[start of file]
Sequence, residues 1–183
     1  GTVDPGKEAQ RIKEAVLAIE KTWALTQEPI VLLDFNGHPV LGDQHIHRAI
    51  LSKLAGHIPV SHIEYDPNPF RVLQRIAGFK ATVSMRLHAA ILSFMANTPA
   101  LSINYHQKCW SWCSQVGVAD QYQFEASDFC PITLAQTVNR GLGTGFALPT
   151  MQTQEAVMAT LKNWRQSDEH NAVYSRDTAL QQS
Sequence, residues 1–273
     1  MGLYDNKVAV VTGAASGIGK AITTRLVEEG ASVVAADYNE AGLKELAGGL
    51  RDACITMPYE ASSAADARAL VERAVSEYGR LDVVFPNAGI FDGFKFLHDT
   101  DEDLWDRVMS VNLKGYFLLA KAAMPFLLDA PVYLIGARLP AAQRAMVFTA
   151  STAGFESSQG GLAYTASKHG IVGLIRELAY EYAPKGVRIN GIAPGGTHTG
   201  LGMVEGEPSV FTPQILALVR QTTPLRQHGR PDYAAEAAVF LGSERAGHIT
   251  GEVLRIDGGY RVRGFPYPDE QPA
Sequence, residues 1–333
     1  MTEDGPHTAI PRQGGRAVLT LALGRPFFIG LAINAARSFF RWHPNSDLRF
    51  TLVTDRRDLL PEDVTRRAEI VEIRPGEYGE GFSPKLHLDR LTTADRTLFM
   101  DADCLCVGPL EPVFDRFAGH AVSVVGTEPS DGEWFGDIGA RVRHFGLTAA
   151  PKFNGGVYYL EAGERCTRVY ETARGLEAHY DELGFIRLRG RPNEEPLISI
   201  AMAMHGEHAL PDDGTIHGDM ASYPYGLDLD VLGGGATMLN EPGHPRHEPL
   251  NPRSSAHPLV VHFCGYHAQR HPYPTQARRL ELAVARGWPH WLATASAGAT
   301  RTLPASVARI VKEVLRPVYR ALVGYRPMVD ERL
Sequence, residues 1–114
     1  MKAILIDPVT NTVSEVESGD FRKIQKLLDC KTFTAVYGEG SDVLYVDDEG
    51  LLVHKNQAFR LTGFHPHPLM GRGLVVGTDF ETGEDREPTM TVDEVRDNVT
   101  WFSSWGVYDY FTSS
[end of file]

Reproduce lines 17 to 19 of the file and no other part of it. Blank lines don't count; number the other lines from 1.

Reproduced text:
   151  PKFNGGVYYL EAGERCTRVY ETARGLEAHY DELGFIRLRG RPNEEPLISI
   201  AMAMHGEHAL PDDGTIHGDM ASYPYGLDLD VLGGGATMLN EPGHPRHEPL
   251  NPRSSAHPLV VHFCGYHAQR HPYPTQARRL ELAVARGWPH WLATASAGAT